Cancer risk factors
A risk factor is anything that increases your chance of developing cancer.
Different types of cancers have different risk factors. Risk factors are often related to lifestyle choices, such as smoking tobacco, spending too much time in the sun and not being active. These kinds of risk factors you can change and control.
Other risk factors include things you can’t change or control, like getting older, or having a family history of cancer.
Having one or more risk factors doesn’t mean you will get cancer, but it does mean you’re more likely to develop cancer than someone without that risk factor.
So it is important to know your risk factors and talk with your doctor about the best way to manage them.
Reducing your cancer risk
There is no way to guarantee you won’t get cancer, but evidence shows that up to one‑third of cancers can be prevented by making healthy lifestyle choices.
Click below to learn ways to reduce your cancer risk:
Better still, never start smoking; and avoid secondhand smoke. There is no safe level of tobacco use. Smoking increases the chance of developing many types of cancer and is the biggest preventable cause of cancer.
Ultraviolet (UV) levels in NSW are high enough to damage unprotected skin at least 10 months of the year. Download the free SunSmart app to check UV levels where you live. When UV levels are 3 or above, protect yourself from the sun:
- Slip on clothing that covers your body
- Slop on SPF30+ or ideally SPF50+ broad-spectrum, water-resistant sunscreen
- Slap on a hat that protects your face, ears and neck
- Seek shade whenever you can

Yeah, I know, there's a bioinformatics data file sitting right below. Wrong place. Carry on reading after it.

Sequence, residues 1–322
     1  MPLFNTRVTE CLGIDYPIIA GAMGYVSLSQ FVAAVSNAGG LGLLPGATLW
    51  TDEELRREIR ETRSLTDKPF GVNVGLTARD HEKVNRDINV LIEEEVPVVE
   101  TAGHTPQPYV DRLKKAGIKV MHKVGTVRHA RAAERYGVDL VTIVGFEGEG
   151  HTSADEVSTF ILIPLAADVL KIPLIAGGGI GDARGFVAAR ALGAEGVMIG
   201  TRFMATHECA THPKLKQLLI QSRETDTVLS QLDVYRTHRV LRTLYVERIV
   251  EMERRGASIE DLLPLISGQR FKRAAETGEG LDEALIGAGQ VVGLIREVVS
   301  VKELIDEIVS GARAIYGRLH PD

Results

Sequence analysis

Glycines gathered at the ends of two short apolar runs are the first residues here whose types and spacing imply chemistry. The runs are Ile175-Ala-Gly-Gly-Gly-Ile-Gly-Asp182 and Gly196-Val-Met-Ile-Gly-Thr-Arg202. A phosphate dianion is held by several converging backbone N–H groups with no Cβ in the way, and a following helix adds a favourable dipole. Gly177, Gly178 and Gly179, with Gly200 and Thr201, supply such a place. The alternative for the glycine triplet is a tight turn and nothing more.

- Slide on sunglasses that meet Australian/New Zealand Standards
Being overweight or obese can increase your risk of many different cancers, including bowel and stomach cancers. Keeping your weight within the healthy range and avoiding weight gain as an adult is an important way to reduce your cancer risk.
Aim for 60 minutes of moderate exercise or 30 minutes of vigorous exercise on most days. This is one of the most important ways you can reduce your risk of bowel cancer.
Drinking alcohol increases the risk of many cancers. Alcohol contains a lot of energy (kilojoules or calories), so it can also make you gain weight. If you choose to drink alcohol, stick to the National Health and Medical Research Council guidelines.
Eating processed meat (e.g. salami, ham, bacon) and eating too much red meat increases the risk of bowel cancer. Aim for no more than one small serve of lean red meat per day or two serves on 3–4 days a week. Avoid processed meat.
Vegetables, fruit and legumes (e.g. beans, lentils, peas) contain dietary fibre, vitamins and minerals that can help protect against cancer. They also help prevent weight gain. Aim for two serves of fruit and five serves of vegetables or legumes a day.
Risk factors for different types of cancer
Click on a cancer type below to find out about its risk factors: